Difference between pages "Zero storage carving" and "How to make a simple forensic/investigation framework"

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Zero storage carving is the concept of using techniques to enable doing [[carving]] of meaningfull and processable chunks or files of uncompressed unencoded data on disks,
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Often, forensic labs are overloaded and investigators complains about the long waiting time. The solution for both professionals is to reduce the amount of seized material.
disk-images or container files without the need for additional storage to be allocated for copies of the relevant data chunks or files.
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Zero storage carving is sometimes also referred to as in-line carving.
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Tools with support or facilities for zero storage carving include:
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But how do you know if a computer is relevant without looking into it? And how to look into it in a fast and forensic acceptable way?
  
* [[tsk-cp]]
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Many procedures are emerging around the world to allow the investigator to access seized computer data remotely, in a environment configured and maintained by the forensic professional. The investigator can perform an initial analysis, quickly pointing  the most important computers among all computers seized, speeding the subsequent forensic exam, which is more time consuming, and reducing the amount of computers in which the exam will be made.
* [[scalpel]]
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* [[Photorec]]
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==Hardware==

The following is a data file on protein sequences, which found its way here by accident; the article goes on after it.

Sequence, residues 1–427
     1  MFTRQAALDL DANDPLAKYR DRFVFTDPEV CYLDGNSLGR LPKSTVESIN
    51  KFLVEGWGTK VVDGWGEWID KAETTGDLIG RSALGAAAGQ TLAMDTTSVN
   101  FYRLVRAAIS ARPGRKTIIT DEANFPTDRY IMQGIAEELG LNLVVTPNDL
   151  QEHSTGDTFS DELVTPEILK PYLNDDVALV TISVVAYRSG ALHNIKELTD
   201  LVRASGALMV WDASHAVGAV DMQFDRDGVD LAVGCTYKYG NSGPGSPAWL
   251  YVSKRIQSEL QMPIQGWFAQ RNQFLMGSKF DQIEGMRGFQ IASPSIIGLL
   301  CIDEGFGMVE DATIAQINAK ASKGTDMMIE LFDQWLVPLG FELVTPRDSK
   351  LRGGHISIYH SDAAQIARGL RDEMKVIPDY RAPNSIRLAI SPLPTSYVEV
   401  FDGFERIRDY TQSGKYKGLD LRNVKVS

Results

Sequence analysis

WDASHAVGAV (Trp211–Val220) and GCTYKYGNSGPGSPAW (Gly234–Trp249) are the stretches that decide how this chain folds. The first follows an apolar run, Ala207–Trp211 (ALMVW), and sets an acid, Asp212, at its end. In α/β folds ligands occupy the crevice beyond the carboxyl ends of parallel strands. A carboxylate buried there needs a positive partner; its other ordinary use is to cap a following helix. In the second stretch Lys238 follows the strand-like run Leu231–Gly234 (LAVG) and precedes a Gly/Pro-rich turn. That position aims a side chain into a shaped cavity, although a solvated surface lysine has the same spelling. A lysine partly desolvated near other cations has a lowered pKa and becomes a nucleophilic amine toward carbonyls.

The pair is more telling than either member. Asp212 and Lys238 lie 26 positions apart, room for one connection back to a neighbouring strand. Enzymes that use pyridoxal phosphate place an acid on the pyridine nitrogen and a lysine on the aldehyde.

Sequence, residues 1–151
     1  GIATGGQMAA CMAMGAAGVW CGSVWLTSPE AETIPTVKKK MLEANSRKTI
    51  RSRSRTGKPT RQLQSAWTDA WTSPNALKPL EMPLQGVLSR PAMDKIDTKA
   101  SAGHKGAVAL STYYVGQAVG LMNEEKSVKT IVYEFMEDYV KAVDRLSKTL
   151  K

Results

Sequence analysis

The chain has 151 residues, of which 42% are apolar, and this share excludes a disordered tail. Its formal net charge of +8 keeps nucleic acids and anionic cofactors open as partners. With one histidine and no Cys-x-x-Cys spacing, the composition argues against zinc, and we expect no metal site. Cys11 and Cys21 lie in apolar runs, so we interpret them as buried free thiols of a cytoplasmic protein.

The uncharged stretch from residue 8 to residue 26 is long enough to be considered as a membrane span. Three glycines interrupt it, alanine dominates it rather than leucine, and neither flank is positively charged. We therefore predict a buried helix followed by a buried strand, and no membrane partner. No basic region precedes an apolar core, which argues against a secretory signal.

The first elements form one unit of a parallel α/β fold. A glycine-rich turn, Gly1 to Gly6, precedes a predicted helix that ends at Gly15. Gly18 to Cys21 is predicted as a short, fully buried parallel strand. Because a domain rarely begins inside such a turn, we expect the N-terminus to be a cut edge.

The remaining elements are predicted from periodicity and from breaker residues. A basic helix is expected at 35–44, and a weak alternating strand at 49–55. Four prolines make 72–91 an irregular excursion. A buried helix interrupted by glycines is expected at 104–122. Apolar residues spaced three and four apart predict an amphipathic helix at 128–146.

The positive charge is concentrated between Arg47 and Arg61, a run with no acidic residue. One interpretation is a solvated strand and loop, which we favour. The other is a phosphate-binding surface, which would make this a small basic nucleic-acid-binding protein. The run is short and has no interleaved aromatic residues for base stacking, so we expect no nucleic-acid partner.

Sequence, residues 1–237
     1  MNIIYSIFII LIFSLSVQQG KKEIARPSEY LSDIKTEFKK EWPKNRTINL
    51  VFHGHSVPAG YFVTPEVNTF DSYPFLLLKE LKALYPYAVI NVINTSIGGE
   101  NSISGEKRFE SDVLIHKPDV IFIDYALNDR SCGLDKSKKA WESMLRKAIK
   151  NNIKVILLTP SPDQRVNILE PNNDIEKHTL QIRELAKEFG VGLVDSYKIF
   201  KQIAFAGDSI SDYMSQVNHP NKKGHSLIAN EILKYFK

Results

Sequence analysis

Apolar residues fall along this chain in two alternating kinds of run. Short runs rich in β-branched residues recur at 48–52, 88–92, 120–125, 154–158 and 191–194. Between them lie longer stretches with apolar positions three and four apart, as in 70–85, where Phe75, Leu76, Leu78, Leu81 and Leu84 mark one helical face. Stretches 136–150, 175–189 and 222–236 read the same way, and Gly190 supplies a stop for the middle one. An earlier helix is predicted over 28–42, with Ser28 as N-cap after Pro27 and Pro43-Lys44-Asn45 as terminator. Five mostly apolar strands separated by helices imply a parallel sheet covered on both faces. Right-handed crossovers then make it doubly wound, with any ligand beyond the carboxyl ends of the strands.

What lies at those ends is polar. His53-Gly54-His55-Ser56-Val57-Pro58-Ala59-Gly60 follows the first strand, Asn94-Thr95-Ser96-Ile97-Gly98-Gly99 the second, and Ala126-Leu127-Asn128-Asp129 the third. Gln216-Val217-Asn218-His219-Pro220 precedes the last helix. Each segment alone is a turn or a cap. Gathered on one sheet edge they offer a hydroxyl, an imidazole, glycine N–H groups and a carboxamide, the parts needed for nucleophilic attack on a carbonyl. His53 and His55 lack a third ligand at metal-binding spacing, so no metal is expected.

* [[CarvFs]]
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* Storage server(s) - server(s) with large storage capacity to keep the sized disk images.
* [[LibCarvPath]]
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* Samba server - to be accessed by the investigators.
* [[Ocfa Treegraph API]]
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==Software==
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*GNU/Linux
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*Samba
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*SquashFS
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*NFS(optional)
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 +
==Installation==
 +
*Storage server:
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**Install the GNU/Linux distribution of your choice.
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**Install the squashfs kernel-patch package and tools.
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**Install NFS or Samba to share the disk images with the 'Samba server'.
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**Install dcfldd, GNU ddrescue, or both, or stay with dd.
 +
 
 +
*Samba server:
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**Install the GNU/Linux distribution of your choice.
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**Install Samba.